Ruth grew up in Colorado City, and is now in a polygamous marriage in Canada. As one of more than 12 wives, she says it's great to know the other women her husband is sleeping with.
"Help me understand this," Dr. Phil asks her.
"I chose the situation I'm in," says Ruth, who got married when she was 20.
Asked about girls as young as 14 who are forced to marry, she says, "I know when I grew up, that was not the norm. That was something that started to take place after the year 2000."
Ruth won't disclose exactly how many wives her husband has, but reveals it's more than 12 and less than 20.
"So between 12 and 20 wives living with one man, can y'all get him to do anything?" Dr. Phil jokes.
"Definitely," says Ruth. "I feel like I'm in control. At the same time, I have a great deal of love and respect for my husband. But I feel free to make my own choices."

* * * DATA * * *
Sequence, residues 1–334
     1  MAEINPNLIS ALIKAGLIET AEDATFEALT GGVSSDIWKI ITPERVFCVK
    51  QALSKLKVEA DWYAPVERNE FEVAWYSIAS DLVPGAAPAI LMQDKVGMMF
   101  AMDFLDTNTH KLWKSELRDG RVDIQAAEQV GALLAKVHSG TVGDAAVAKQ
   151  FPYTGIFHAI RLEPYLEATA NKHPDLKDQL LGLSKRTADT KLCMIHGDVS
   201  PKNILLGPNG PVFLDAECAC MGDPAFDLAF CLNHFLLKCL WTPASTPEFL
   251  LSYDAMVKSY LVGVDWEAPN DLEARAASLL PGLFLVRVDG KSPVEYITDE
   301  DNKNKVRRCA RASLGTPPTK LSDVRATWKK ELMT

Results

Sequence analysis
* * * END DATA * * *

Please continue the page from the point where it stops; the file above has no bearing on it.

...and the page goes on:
Dr. Phil reminds Ruth that it's against the law to have multiple wives.
"I feel like polygamy should be decriminalized. I don't necessarily think it should be legalized, but I think it should be decriminalized. And the reason is polygamy does not equal abuse. We have a lot of functional families that are raising their children with choice. We don't deserve that stigma," she says.
Ruth has six children, which is about the average for each wife. Dr. Phil does the math: If there's an average of 15 wives with six kids each, that would be 90 children. Ruth explains they don't all live under one roof, but they are all one family.
"Which is a common practice," says Jay. "If a man does something wrong, he's thrown out and all his children and wives are assigned another man."
"If he has the opportunity to take another bride, is that going to happen?" Dr. Phil asks Julia.
"I would accept that," says Julia, who grew up in a polygamist community. "I love my family. I had five mothers and it was great. I enjoyed my childhood."